HARRISBURG - Gov. Corbett on Wednesday opened the door to imposing an impact fee on natural gas drillers, signaling that he may be easing up on his strong opposition to any levy on the industry.
The governor said he would consider allowing municipalities to impose such fees on drillers as long as the money generated stayed in those communities.
He was clear, however, that he would not discuss any proposal that included sending even a portion of the dollars collected to the state's coffers. Corbett has steadfastly opposed taxing the extraction of natural gas from the Marcellus Shale.
"Money that goes into the general fund? No. Money to the locals? Money to the counties? I would sit down and listen to that," he said at a news conference at the Capitol.
He added: "I understand that there is an impact to the local communities, and I believe that in some way, shape, or form, we need to address that impact."
Afterward, his spokesman, Kevin Harley, noted that Corbett had made similar statements in the past, including on the campaign trail.
Still, since Corbett took office in January, he and members of his administration have struck a rather hard-line stance, saying they believe new levies would only hurt an industry that has created jobs across the state.
Consider this recent statement from Lt. Gov. Jim Cawley, who chairs the governor's Marcellus Shale Advisory Commission. Corbett assembled the panel this month to ensure land and water are protected as the state helps the gas-drilling industry grow.
Asked if the panel would consider the need for a tax or impact fee on drillers, Cawley told the Pittsburgh Post-Gazette: "I think the governor made it very clear . . . no means no."
Republicans who control the state Senate have been working for several months on an impact-fee plan to help communities shoulder some of the public infrastructure costs associated with drilling, such as damage to roads from heavy truck traffic. There are no details yet on how such a fee would work - or who would impose it.
"We are encouraged by what the governor said today," said Drew Crompton, legal counsel and chief of staff to Senate President Pro Tempore Joe Scarnati (R., Jefferson), whose GOP caucus last year argued for a 1.5-percent tax on gas extracted when then-Gov. Ed Rendell was proposing a 5-percent tax.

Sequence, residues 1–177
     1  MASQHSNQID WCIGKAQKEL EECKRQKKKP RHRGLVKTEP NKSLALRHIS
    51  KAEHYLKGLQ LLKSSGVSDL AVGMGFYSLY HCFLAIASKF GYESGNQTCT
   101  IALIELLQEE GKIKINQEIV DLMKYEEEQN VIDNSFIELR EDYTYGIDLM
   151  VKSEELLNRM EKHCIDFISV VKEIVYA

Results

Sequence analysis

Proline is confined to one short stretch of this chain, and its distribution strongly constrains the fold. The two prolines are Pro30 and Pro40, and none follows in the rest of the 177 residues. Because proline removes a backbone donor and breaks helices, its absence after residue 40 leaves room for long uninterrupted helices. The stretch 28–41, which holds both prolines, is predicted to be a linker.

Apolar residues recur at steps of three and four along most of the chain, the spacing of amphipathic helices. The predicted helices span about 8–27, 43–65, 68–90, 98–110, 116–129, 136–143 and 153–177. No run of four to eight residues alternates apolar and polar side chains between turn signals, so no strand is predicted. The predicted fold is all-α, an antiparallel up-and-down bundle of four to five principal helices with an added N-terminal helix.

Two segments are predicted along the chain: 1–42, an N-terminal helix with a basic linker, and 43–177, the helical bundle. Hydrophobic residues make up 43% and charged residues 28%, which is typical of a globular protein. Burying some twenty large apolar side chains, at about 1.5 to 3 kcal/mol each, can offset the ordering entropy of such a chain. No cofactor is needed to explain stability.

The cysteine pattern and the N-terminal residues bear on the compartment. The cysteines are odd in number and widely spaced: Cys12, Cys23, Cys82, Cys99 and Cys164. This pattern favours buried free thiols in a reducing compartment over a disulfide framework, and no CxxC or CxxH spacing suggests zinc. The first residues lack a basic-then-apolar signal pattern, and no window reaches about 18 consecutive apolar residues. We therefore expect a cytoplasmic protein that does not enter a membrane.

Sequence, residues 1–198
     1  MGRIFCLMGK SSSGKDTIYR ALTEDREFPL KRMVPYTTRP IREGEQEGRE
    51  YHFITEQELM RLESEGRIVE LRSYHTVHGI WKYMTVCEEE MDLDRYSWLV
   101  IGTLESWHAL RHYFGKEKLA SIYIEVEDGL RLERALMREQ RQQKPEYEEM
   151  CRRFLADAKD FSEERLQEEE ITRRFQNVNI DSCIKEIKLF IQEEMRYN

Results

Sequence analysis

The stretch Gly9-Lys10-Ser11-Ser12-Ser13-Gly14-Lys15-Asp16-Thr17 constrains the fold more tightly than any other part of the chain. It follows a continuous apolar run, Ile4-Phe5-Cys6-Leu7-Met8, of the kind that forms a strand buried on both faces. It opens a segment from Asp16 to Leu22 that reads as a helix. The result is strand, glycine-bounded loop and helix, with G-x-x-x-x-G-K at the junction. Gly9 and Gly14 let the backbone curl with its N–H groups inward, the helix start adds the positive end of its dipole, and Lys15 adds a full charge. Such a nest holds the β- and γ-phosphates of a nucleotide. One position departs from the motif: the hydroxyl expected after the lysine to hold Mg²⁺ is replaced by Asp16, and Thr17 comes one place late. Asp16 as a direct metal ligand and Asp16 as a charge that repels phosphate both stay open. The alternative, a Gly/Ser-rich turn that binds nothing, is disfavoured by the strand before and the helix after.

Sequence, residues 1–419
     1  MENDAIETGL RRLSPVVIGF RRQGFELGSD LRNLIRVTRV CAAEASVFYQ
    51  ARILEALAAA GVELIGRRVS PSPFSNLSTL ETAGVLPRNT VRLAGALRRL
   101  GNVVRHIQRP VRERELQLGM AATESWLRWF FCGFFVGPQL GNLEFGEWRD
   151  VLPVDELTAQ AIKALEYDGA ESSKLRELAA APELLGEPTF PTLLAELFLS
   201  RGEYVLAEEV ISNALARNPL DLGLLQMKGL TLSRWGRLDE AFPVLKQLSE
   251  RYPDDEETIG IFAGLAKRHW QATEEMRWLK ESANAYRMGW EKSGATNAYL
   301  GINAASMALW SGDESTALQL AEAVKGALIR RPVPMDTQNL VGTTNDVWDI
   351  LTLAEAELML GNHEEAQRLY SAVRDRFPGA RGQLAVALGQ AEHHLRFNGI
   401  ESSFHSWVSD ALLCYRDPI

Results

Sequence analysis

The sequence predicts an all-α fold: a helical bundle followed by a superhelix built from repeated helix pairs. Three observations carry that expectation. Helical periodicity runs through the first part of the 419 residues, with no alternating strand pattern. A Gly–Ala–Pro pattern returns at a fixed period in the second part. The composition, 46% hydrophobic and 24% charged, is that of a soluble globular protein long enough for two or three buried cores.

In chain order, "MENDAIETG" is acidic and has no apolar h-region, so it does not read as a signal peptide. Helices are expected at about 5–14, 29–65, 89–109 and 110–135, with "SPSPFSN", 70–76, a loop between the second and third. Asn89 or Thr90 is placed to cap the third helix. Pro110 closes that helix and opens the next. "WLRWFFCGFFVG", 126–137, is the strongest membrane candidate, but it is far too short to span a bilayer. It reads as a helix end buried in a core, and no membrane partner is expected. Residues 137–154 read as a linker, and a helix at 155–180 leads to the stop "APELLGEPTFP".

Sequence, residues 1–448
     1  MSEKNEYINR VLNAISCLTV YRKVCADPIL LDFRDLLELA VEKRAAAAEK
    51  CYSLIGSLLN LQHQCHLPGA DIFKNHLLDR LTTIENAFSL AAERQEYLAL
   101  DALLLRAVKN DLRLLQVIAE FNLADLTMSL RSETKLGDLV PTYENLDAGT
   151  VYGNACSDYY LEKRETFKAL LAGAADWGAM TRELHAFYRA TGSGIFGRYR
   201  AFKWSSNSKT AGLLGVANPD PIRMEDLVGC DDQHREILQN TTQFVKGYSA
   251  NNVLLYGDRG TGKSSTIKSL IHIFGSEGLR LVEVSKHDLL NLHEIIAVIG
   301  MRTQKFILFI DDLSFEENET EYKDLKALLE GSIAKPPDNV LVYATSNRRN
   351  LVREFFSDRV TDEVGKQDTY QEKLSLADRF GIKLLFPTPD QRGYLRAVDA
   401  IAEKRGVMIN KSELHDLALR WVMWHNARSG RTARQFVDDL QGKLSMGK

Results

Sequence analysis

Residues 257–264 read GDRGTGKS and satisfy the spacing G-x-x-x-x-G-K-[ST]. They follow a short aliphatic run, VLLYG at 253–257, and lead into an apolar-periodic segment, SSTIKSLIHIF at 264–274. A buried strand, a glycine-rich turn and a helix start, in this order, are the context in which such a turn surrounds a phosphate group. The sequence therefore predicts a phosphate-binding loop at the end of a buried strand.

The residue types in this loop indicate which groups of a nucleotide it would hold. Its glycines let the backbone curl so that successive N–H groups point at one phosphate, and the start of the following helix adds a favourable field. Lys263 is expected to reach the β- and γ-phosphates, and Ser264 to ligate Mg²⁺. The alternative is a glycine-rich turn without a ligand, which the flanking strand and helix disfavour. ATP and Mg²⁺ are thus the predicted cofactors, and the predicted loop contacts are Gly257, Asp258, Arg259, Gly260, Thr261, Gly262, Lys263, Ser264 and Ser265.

But Crompton said his caucus had concerns that a kind of bidding war might occur among municipalities.
"There is a danger with having it levied locally because the last thing you want is to have local governments deciding not to levy it, and trying to court other businesses to put wells in their county," said Crompton. "Could it be mandated on the county level? Yes. Could an independent authority mandate it? Yes? These are all things that are up for debate."
Another wild card is the House, where the majority Republicans have historically opposed any new tax. Spokesman Steve Miskin said Wednesday that "our focus remains on an on-time, no-tax budget."
Proponents of a "severance tax" on natural gas point out that all other major drilling states have such a tax. They argue that a local impact fee would not go far enough.
Sharon Ward, executive director of the liberal-leaning Pennsylvania Budget and Policy Center, said a local-use-only fee would be shortsighted. "The impacts of drilling don't stop at local boundaries," she said, noting that any problems associated with wastewater from natural gas drilling could affect communities far downstream.
Rep. Greg Vitali (D., Montgomery), who is pushing a severance-tax bill, said an impact fee would do nothing to solve the state's pressing budget needs and could be a tough sell in the counties around Philadelphia.
"If you ask a suburban Republican legislator to tell their constituents, 'Yes, we're going to let your kid's tuition at Penn State go sky-high, we're going to let your property taxes go sky-high, and yet we're not going to tax the drillers,' I don't think those constituents are going to like that," he said.